I've been asked to do a one-lecture (50 minute) presentation on Version Control. In the class we'll be using Git; there will be a hands-on opportunity to work with Git later in lab. (The Git GUI of choice of the professor is GitKraken).
I don't need to teach anyone to be Git Wizards. I'm not a git wizard myself. But I need to show the class what version control can do, and the basics of using Git to collaborate between multiple people.
@si618 provided a wonderful "Why use VCS" over on StackOverflow, which I am going to borrow (with credit, obviously, the CC license requires it). That covers the motivation portion.
Then I need to cover the actual model of sharing code via VCS. That's the hard part. LearnGitBranching is a wonderful resource I'll likely use to show commits and branches, but the main use of that site seems like (to me) experimenting with more complicated rebase-based operations. And a quick here's-what-vcs-is doesn't (shouldn't) need to rewrite history.
Explaining the model is the hard part; showing the application of the model is simple since I'll likely use the GUI. The command line interface isn't of import. But what really needs to be understood to understand a DVCS model?
commit-- add snapshot to your local history
push-- publish your local history to some location
pull-- download history from some source
branch-- split the line of history into two "timelines" for concurrent work
merge-- collapse bring two parallel histories into one
Is there anything else that really should be covered? These five seem like the key components. Is it worth mentioning that every local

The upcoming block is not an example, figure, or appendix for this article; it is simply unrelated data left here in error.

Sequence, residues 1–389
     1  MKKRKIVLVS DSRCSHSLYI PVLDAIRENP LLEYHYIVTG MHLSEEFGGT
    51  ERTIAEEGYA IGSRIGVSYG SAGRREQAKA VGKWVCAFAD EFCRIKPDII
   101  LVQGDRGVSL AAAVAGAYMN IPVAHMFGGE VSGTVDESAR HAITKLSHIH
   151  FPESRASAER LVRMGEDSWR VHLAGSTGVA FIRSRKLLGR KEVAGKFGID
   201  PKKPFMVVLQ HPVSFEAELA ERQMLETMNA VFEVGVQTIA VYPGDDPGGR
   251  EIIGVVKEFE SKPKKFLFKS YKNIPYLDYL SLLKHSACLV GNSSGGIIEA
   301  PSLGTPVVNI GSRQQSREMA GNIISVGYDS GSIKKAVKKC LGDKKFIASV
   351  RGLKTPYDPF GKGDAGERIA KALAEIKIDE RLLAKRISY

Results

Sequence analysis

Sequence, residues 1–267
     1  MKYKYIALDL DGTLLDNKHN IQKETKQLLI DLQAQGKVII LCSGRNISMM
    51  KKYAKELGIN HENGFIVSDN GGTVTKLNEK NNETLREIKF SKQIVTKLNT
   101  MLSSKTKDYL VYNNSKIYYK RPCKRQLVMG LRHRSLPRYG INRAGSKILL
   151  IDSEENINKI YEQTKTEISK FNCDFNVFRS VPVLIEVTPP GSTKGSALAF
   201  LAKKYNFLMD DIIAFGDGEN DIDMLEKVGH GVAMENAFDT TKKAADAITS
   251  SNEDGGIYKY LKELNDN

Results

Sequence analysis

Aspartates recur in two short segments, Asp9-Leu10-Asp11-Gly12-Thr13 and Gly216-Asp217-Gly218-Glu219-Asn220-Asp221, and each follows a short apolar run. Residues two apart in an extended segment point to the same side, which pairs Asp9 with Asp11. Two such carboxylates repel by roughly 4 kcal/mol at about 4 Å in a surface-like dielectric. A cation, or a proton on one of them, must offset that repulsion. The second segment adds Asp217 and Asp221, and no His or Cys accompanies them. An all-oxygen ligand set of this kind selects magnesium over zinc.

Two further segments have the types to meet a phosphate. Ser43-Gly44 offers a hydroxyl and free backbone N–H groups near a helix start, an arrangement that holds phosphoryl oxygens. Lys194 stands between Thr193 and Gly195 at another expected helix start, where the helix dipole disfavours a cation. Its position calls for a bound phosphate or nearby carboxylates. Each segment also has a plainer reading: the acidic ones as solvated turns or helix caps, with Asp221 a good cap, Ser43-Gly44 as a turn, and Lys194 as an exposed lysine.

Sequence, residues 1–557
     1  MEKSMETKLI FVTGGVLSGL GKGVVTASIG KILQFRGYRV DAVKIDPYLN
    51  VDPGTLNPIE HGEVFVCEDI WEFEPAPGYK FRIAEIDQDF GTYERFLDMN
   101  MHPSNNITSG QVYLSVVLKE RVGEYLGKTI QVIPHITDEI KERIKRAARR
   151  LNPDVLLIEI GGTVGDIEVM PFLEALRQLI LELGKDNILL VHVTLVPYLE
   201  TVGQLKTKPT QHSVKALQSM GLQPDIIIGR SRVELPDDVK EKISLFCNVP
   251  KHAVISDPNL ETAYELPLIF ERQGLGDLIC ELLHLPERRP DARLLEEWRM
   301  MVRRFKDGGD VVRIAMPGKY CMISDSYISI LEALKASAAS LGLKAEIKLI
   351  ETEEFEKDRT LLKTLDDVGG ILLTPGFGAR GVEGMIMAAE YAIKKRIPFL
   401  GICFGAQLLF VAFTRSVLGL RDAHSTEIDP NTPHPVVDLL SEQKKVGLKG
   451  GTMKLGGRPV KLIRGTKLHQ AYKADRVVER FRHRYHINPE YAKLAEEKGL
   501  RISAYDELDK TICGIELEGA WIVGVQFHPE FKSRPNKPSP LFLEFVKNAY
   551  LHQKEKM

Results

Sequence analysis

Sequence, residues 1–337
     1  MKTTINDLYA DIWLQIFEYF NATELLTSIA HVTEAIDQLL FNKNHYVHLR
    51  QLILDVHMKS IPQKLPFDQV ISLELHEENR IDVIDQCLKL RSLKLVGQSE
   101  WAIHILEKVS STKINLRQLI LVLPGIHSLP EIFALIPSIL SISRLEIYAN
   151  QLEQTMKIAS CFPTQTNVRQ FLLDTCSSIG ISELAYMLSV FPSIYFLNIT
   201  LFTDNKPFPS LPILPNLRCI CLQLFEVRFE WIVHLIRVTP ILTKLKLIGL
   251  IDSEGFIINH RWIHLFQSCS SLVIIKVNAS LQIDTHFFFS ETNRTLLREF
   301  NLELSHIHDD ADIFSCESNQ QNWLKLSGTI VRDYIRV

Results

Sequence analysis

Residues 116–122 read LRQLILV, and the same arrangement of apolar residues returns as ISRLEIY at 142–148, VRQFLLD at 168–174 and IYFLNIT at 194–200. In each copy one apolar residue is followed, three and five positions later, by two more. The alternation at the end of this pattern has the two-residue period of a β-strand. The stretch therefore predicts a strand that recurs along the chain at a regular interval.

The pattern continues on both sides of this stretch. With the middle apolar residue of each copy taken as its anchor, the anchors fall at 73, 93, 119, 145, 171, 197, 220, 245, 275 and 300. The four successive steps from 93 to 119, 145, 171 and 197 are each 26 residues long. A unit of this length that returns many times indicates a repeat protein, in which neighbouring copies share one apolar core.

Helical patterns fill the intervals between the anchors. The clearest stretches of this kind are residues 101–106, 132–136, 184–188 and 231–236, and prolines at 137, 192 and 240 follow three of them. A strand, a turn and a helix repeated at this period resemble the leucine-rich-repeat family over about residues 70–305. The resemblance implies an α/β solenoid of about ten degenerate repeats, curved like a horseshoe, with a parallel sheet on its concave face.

master downloaded from the repository is a new copy, and is effectively a branch
origin/master -> local/master? Is it worth mentioning that a headless git repository is no different than a local one, and that you can pull directly from a non-origin repo? Merge conflicts happen; should I mention how to go about resolving those?
Distilling an (admittedly shorter than my seniors') career of working with Git into a short "Here's why Git is awesome and you should use it" is difficult. I want to teach Git (and more generally, VCS) and not just "how to use GitHub". Thinking Git === GitHub is one of my pet peeves.
The structure of the course itself is rather open-ended: the second half of the course is opportunities for students to share something they've spent some time learning on their own (that's where I fit in). Since I potentially have the greatest cross-section of teaching ability and domain knowledge among the students, I was asked by the professor to do a section on Git before the lab where people get to try it out themselves. During that time as well, students will be working in groups to complete a large assignment, so I definitely want them to use some sort of VCS; it'll save everyone a bit of trouble.
The course is an upper level university CS elective.
I believe the two questions are meaningfully different. The other question addresses a (self) learning approach while this question seeks a teaching approach.
More importantly, answers on either question aren't generally applicable to the other. Trivial answers may be able to answer both, but any real meat on an answer makes it only really applicable to one question.